Diploma, Please: Promoting Educational Attainment for DACA- and Potential DREAM Act-Eligible Youth
Two years after its launch, the Deferred Action for Childhood Arrivals (DACA) program has provided temporary relief from deportation to more than 580,000 unauthorized immigrants who were brought to the United States as children. With an estimated 2.1 million young immigrants potentially eligible to benefit from the program now or in the future, many educators, community leaders, policymakers, and government officials are trying to understand how DACA and potentially DREAM Act criteria affect eligibility.
Several factors are thought to contribute to the reluctance of many unauthorized youth to sign up for the program, including the $465 application fee, fears of drawing attention to unauthorized family members, and general lack of knowledge about the program. But more significantly, DACA also requires that applicants who are not in school or who lack a high school diploma or its equivalent must enroll in an adult education or training program in order to qualify.
With the national adult education system showing a steep decline in capacity at precisely the time when hundreds of thousands need to enroll to qualify for DACA protections, the report makes clear the challenges facing educators and other stakeholders
The report explores the challenges to educational attainment facing three key subgroups of the DACA program: those under age 19, those age 19 and over without a high school diploma or equivalent, and those age 19 and older with only a high school diploma or equivalent. It provides a demographic snapshot of these groups and examines the impacts of DACA's unprecedented educational requirement on potential beneficiaries and the programs that serve them. Finally, the report offers recommendations for actions that policymakers, education and training program managers, and other stakeholders can take to support the educational success of these youth.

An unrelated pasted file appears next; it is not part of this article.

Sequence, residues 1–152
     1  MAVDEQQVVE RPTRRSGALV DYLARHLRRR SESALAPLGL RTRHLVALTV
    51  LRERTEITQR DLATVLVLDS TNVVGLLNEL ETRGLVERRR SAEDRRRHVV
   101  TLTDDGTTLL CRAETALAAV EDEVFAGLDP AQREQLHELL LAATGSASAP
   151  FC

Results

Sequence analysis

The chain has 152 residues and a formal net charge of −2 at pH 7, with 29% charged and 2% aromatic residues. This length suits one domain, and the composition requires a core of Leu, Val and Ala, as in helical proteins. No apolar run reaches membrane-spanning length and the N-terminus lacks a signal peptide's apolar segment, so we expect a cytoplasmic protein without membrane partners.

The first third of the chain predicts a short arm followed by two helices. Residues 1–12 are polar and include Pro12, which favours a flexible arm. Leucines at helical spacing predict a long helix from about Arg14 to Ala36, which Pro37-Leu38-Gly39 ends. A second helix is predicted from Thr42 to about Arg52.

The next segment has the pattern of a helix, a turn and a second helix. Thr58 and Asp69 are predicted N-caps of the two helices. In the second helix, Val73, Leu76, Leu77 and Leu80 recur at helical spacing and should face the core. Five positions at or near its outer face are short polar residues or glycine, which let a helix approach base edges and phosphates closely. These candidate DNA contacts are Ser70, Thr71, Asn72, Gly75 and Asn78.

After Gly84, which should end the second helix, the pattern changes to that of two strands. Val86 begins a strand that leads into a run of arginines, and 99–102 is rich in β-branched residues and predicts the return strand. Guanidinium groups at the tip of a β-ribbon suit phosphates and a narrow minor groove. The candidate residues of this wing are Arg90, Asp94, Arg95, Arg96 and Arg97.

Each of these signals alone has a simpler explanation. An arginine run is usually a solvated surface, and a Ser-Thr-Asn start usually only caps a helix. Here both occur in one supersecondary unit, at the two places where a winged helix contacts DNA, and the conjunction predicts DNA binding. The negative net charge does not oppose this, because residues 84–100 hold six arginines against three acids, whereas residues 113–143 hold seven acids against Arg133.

II. Snapshots: Population Demographics and System Capacity
A. Age Distribution
B. Educational Attainment
C. Family Income
D. English Proficiency and Education
F. Top States of Residence
G. Adult Education System Capacity
H. Program Enrollment Reported by Foreign-Born Adults with Low Educational Attainment
III. Key Needs of DACA-DREAM Applicants and Programs Seeking to Assist Them
A. Key Subgroup Needs
B. Program- and System-Level Needs
C. State Policy Contexts
D. Gaps in Federal Policy Coordination
IV. Lessons and Recommendations